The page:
Waste not, want not. We believe in this, when you want to build an energy efficient building.
Waste not, want not, is an old phrase that we associate with household rubbish and food consumption. But it can certainly apply to many more things in our lives.
We’ve opened up our Superpod® a couple of times in the last 2 weeks.
Once for International Passive House Day. It was exciting to be part of an international project, where all around the world, on the same weekend, people let the public into their homes to see and feel the passive house difference.
Then we had a Sustainable House Tour run by the local Bass Coast Shire – it’s great to have Council support for sustainable living and healthy environments.
Here’s a snapshot of some of the questions I had to field, and how I answered them. Just a tiny snapshot. The conversations go for hours…
We talked about carbon footprint and embodied energy – with the comparison being made between stick timber frames and steel frames in our Superpod®. The assumption is that timber is good, and steel is not.
Ah, it’s not the whole picture I said! (Believe me, I think about this a lot.) What’s the whole picture? You might ask.
I can’t tell you the whole picture in one blog, but I can paint a bit more of the landscape. Basically, it’s about greenwashing. Even our favourite tv presenter Kevin McCloud talks about avoiding the greenwash.
First, we can use timber frames, so it is about choice. Our Superpod® can be utilised for a range of building types, whether high rise, warehouse, office, church, school, child care centre, or hospital. You don’t tend to see thin stick frames as the main structure on these sorts of buildings because they are not strong enough. CLT (cross laminated timber) is starting to become fashionable in some pockets in Australia, and this is certainly an option in passive house buildings (although CLT by itself does not give you all of the airtightness and insulation needed for a super energy-efficient passive house).
But you need to bear in mind that for remote builds, transportables, and areas where termites eat the frames, you will often need steel anyway. You can’t easily transport buildings on stick frames. You can’t keep the termites off them either.
So your consideration of how to minimise your carbon footprint is quite complex, and needs to take into account all requirements of your project.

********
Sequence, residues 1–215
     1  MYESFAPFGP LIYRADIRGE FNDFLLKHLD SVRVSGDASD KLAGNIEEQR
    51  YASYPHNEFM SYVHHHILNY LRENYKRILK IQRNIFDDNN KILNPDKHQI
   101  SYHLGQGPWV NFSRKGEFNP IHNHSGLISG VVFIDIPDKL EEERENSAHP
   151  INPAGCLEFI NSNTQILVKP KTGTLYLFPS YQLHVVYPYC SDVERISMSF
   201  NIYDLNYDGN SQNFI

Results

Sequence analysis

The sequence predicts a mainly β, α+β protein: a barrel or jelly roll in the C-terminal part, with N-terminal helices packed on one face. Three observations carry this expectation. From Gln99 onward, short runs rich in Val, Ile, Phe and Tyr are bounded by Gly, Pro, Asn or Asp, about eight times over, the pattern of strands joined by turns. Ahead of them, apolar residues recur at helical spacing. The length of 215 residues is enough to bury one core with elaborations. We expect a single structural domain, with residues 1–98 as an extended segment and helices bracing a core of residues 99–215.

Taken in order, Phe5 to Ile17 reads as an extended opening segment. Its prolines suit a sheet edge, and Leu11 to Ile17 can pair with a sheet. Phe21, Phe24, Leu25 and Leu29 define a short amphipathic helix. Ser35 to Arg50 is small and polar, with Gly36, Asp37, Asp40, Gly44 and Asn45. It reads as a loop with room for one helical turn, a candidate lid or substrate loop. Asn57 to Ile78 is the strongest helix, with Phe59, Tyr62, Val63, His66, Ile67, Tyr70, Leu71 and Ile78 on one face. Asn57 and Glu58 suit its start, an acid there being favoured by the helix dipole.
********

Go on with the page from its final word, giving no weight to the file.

But wait, there’s more!
A normal site built house might take 9-10 months to build. A Superpod® equivalent might take 6 weeks, in part because of the pre-designed, pre-fabricated (prefab) , beautiful steel frame. Who takes into account the carbon emissions of all the cars and trucks (truck accident cases can be solved by attorneys from here)and utes going back and forth to site in the long build? A proper comparison between building systems should do so. For us, we recognise the massive carbon saving in having a fast, lean build time with less materials and less transport.
And more still. What about waste?
Our build is an extremely lean process. Traditional building processes usually involve an excessive amount of waste. Which all contributes to carbon emissions. We have very little waste in our system. ®
And more still, what about recycling? Steel is cradle to cradle – when a Superpod® is demolished, the steel can be reused. (I have posted before on the sustainable benefits of steel on this site.)
All of this needs to be taken into account, rather than simply comparing one material with another.
But there’s another point. I almost forgot! Of course, there are the key benefits of passive house – up to 90% less energy for the life of the building. Year after year after year. Other buildings are pumping out carbon continuously (heating, cooling, wasted air leaking out). Not so the passive house.
That’s incredible! Energy use? It’s practically nothing! Now that’s an immense benefit to the environment. As well as for the occupants themselves. There’s the most amazing reduction in carbon footprint. It means that we can focus on the lifetime of the building, and the lives of those who live in it.
Not just on the materials used to construct it.
That’s why Brussels has made Passive House mandatory. That’s why passive house of any kind is a key to our low energy future.